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Pain is inevitable; suffering is optional.

It’s one of my favorite concepts…and for the past two days, my life has forced me to be constantly mumbling this mantra under my breath like a crazy person.

Things were going along just swimmingly. I was doing some work I enjoy, I just got some new plants for my garden and I’ve been reading a great book. Then, out of nowhere, in the span of about 2 hours;

  1. I ate some popcorn. Cracked my filling in half. Ouch.
  2. I was playing with my Dog-shaped Child. I discovered a pretty big lump on her stomach. Called the vet immediately.
  3. Looked outside my window to see a jackhammer eating up the road in front of my house. With loud and horrible acoustic accompaniments.

Now, I’m sure that all of these things will be fine. The construction will be done eventually, the lump is likely nothing and my tooth just needs an impromptu visit to the dentist (of whom I have a significant and disappointingly stereotypical fear).

But the exquisite smack of the trifecta has got me a little rattled. It’s got me playing that internal tape that begins with a big sigh and ends with, “Okay, what’s the next horrible/annoying/disastrous thing that shall befall me?” And that doesn’t do anyone any good.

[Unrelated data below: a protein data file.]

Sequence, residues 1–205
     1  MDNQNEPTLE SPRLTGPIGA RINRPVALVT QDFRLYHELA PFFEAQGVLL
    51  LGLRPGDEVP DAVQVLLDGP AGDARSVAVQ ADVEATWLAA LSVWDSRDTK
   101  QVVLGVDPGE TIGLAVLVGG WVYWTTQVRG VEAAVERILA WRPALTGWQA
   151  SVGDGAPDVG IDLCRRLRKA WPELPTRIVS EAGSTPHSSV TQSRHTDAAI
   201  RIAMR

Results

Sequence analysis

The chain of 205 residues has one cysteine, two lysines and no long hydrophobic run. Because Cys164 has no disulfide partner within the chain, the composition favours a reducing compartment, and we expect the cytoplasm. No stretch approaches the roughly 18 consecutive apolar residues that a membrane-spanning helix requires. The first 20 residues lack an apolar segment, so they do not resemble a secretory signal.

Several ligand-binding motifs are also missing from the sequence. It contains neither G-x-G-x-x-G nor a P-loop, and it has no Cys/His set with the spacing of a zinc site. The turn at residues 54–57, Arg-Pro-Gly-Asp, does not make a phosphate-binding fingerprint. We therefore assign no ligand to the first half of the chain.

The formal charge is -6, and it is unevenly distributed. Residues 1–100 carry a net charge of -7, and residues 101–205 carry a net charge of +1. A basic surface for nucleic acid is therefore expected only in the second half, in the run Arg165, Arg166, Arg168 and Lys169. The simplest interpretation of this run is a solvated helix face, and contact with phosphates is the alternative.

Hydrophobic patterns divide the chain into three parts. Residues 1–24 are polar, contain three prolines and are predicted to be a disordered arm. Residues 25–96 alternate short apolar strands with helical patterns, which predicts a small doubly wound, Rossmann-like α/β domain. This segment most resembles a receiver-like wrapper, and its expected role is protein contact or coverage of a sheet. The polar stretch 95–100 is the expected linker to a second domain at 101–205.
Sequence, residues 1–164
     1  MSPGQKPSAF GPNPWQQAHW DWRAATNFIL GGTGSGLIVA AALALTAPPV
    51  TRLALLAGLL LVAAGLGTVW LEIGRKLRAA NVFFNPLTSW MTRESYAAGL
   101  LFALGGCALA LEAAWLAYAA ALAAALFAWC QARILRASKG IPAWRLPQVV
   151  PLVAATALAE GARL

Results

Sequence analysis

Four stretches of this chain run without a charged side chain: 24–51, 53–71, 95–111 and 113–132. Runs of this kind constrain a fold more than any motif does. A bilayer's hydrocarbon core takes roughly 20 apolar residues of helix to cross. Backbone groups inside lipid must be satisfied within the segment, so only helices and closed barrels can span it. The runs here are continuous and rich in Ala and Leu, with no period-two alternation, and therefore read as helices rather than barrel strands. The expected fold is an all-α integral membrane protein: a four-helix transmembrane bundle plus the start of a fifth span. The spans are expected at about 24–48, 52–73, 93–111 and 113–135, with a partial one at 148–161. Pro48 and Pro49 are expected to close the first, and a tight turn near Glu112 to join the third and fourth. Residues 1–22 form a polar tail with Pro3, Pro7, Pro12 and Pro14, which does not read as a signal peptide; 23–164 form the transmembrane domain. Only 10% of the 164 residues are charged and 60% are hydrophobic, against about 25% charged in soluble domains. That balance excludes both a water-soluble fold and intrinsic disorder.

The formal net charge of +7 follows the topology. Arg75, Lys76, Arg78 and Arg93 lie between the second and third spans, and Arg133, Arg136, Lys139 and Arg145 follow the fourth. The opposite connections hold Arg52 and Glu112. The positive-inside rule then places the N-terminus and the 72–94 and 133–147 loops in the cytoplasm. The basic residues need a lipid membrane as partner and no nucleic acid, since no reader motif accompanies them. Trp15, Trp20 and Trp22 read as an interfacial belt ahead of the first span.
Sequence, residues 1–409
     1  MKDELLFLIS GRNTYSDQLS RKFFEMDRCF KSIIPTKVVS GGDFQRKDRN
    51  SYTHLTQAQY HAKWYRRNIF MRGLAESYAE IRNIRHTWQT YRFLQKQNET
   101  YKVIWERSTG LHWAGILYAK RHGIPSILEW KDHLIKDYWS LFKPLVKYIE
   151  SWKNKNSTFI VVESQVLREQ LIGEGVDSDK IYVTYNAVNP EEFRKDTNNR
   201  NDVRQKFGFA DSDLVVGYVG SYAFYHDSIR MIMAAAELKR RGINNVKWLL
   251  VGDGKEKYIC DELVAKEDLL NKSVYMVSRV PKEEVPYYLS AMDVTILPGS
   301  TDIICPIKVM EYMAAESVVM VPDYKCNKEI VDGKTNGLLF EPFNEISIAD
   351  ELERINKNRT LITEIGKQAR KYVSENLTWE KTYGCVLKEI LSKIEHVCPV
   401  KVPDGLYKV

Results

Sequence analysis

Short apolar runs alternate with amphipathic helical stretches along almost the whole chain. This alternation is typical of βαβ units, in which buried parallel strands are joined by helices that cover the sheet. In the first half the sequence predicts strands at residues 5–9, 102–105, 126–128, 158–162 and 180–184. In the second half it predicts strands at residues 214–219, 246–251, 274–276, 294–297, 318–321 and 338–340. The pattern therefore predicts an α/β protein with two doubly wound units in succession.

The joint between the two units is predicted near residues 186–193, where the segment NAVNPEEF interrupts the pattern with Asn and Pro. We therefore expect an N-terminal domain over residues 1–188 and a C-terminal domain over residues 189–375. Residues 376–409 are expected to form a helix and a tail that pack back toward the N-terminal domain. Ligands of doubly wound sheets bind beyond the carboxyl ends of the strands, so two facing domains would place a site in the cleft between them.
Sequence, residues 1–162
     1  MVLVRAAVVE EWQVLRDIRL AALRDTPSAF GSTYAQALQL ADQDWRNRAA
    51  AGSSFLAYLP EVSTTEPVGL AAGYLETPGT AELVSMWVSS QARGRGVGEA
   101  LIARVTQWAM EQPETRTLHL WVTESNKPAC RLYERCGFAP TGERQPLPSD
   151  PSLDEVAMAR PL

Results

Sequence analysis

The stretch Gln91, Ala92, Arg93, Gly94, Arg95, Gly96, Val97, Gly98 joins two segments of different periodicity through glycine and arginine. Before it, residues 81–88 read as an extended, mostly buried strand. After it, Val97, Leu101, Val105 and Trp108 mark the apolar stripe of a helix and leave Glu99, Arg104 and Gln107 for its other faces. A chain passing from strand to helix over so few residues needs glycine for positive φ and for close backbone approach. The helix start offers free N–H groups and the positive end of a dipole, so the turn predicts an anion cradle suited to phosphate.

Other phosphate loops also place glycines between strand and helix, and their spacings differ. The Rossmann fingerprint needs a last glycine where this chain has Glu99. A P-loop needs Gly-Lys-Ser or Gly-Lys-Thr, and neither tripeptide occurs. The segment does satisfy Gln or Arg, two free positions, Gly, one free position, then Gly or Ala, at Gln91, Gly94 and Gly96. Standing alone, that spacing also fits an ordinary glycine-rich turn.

So, I try to go back to Buddha and his Four Noble Truths:

  1. Life means suffering
  2. The origin of suffering is attachment
  3. Cessation of suffering is possible
  4. The path to the cessation of suffering is the Eightfold Path

I know some people have a hard time with the idea of detachment and launch into some serious Buddha Bashing about how he’s a heartless, deadbeat dad who sits on a lotus flower being all cold and passionless and pessimistic.

But I believe it’s a problem with translation.

Of course I’m attached to my dog and (quite literally, even) to my tooth. Of course I’d prefer to not have a jackhammer outside my window. I believe what Buddha meant was that suffering could be alleviated by letting go of attachment the desired outcome. I’m going to have unexpected dental and vet bills, it doesn’t matter if I stress about how much they are, that won’t change the amount. I could imagine every possible disease my dog could have, that won’t change the diagnosis. The construction will stop when it stops, regardless of how often I curse the equipment.

The truth (Buddhist love the brutal truth) is that these challenges are the reality of this moment. I need to deal with what is, and not spend my energy pouting because I’d really rather not have a giant needle jammed into my gums. That particular suffering is inevitable, so I don’t need to bother piling on the emotional pain, too. I need to look clearly at what is and deal with it as it comes.

None of these challenges I’m talking about are life shattering, it’s run-of-the mill, pain-in-the-ass stuff. Which is exactly the point. This is life. Life is suffering. How to we choose to deal with it – that’s where I truly believe we can find the peace.

But I’m still never eating popcorn again.

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